*Finance rates are those offered by BMW Financial Services Canada only on approved credit on select new BMW models. Representative financing example: finance a 2011 BMW X3 xDrive 28i base model for $41,900 (plus tax) at 4.90% for a term of 60 months and a $6,500 down payment; the monthly finance payment is $769. Total obligation is $52,640.00. Transportation and preparation ($1,995), A/C excise tax ($100), a PPSA or RPMRR registration fee (up to $90), Retailer administration charges (if any) are extra and required upon finance signing. License, insurance, vehicle registration and applicable taxes are extra. Retailers are free to set individual prices and charge administration fees which may change the APR or the price of the vehicle.
========================
Alternative 1: The comparison assumes for the lease option that the "Leasee" pays off the residual value at the end of the 39th month and owns the car right after the 40th month. With the monthly $569 which he would NOT be paying after the 41st month, he is actually breaking even with the initial price ($41,900) on month 50th. Now as for the "Financee", he will finance at $769 for 60 months. Taking the average residual value from the Lease option (the car loses 50% of its value after 39 months), we reach a residual value of $10,984 after 60 months ( I know it may worth more than that, but this is the worst case scenario). So the Financee immediately earns the breakeven on the 60th month. In this scenario we are not calculating the 0.15$ excess kms should the Leasee drive the car over 20,000km per year. (for an excessive 20,000km per year meaning 40,000km per year it is $3,000 per year)

Alternative 2: The Leasee keeps on Leasing... that means probably returning back that car, and getting a new one or keeping the same car. Now the default here is that we are assuming the same car with the same value and installments (not very realistic but that's all we got...) . Even in this scenario, the Lease appears to be beneficial for the first 60 months! Now if we would have been looking at a 100 month timeframe, then the figures might be in favor of financing. But who wants to keep a car for 100 months???

OK, so your thoughts: If you agree with this observation, and if not, what are your angles and observations. Also if anything is missing in this evaluation... I'll attach the excel sheet that shows the graphs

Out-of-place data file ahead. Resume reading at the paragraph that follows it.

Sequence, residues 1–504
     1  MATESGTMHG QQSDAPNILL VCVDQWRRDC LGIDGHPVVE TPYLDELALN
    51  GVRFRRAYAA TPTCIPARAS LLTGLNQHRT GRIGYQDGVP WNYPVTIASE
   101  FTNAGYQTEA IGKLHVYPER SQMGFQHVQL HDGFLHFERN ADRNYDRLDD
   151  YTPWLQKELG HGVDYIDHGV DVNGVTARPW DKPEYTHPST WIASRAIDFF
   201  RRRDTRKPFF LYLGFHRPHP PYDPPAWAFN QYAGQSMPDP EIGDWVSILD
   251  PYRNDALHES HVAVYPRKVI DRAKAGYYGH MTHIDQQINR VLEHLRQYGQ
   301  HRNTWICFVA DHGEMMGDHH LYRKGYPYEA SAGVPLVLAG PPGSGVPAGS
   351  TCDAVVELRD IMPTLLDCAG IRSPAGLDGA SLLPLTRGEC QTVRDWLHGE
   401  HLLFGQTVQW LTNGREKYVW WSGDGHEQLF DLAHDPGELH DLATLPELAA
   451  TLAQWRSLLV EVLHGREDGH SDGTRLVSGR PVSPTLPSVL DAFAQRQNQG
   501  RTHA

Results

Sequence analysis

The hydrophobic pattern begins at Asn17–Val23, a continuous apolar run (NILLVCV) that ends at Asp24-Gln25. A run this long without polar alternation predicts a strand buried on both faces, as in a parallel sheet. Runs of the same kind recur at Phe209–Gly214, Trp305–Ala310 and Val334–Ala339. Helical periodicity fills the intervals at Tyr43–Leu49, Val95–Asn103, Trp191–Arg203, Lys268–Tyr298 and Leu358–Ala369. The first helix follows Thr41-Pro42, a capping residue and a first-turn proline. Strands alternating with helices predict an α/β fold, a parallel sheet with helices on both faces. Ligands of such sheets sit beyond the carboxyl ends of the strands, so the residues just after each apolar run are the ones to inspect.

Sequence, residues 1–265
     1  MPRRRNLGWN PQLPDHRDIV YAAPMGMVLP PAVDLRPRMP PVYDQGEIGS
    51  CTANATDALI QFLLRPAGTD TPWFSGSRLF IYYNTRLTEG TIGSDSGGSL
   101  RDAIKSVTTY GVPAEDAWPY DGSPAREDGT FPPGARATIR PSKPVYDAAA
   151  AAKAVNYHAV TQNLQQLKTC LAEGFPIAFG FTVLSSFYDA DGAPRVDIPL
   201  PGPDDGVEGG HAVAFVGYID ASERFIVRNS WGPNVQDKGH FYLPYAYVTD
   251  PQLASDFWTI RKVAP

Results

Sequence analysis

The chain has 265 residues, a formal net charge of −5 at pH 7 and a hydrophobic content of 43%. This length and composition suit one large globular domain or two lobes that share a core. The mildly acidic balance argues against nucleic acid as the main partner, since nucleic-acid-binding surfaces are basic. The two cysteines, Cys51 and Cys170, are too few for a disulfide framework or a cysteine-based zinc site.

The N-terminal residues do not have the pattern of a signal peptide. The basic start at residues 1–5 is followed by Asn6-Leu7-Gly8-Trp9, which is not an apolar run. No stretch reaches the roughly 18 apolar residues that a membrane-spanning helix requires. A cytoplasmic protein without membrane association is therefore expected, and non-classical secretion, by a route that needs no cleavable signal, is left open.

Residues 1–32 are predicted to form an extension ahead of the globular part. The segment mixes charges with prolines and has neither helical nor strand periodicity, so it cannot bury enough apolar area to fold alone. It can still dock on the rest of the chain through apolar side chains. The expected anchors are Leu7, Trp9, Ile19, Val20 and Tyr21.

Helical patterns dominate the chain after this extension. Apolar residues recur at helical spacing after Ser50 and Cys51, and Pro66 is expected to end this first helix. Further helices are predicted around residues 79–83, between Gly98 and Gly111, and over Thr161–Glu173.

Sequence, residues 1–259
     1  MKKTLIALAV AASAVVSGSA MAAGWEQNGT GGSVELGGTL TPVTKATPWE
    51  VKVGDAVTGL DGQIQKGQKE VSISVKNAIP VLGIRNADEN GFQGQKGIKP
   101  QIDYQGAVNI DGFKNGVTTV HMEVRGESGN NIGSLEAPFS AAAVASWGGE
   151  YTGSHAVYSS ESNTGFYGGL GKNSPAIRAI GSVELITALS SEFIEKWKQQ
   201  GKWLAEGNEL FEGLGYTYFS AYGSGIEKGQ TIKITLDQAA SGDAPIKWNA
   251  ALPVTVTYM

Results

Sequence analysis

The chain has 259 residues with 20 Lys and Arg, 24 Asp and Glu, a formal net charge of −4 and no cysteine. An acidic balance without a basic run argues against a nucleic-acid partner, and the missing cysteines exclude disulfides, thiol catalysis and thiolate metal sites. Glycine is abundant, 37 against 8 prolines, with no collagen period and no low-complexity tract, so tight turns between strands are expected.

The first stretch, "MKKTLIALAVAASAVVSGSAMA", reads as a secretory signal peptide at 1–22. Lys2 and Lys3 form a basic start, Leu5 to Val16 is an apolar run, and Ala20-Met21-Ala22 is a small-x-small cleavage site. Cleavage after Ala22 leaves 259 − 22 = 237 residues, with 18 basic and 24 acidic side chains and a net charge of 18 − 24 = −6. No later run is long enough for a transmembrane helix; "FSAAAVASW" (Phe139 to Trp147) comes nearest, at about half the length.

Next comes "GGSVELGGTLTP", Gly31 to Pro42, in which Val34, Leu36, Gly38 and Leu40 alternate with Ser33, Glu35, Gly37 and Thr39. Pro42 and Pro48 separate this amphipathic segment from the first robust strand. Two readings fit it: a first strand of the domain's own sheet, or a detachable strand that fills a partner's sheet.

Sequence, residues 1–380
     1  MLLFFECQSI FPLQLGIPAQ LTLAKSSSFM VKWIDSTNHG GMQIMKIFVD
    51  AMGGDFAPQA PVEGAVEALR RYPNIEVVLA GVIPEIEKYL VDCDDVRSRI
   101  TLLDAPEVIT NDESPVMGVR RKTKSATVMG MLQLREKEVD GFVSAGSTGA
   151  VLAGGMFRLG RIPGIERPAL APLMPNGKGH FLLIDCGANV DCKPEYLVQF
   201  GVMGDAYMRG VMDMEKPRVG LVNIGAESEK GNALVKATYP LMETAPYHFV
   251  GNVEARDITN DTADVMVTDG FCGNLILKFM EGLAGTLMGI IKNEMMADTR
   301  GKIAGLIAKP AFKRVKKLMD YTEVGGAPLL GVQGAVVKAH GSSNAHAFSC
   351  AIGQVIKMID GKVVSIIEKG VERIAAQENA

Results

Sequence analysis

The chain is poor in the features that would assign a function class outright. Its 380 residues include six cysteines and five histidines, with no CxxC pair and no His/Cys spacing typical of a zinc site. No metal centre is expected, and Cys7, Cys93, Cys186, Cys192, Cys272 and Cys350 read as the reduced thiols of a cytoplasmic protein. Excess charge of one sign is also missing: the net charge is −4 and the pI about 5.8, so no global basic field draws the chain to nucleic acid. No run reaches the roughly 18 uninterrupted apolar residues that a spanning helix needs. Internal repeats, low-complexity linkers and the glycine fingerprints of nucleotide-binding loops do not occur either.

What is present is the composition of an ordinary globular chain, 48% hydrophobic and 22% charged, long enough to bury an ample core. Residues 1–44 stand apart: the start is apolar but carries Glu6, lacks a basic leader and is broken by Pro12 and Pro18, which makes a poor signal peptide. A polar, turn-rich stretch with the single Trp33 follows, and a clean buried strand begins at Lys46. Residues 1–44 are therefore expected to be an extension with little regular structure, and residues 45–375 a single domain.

Financially leasing is never a better option unless you can't afford the monthly payments on a purchase, or would use the moeny saved to pay off high interest debt. (if either is ture you might want to think twice about buying a BMW) That said, if you don't like worrying about reselling your car it might be worth the extra money for peace of mind.

Leasing is a business so they estimate what they can get for your car at the end of the lease and then they add a profit and risk margin. This along with what they make by lending you money is their profit. They did get burned on especially SUVs that were coming off lease as gas prices shot up at the same time the economy crashed and burned in 2008. This has inscreased the risk premium they demand and made leasing an even worse option. You note you are paying a full point more to lease than to buy for example.
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  #4  
Old 08-02-2011, 02:27 PM
dgkfl dgkfl is online now
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Quote:
Originally Posted by exLurker View Post
Financially leasing is never a better option unless you can't afford the monthly payments on a purchase, or would use the moeny s....
I'm sorry, ex, but I just can't let this go by. This is simply not a fair thing to say.

If you are considering leasing vs. buying, you have to do the math for your own situation (especially with BMW's) and you have to look at the risks and assumptions.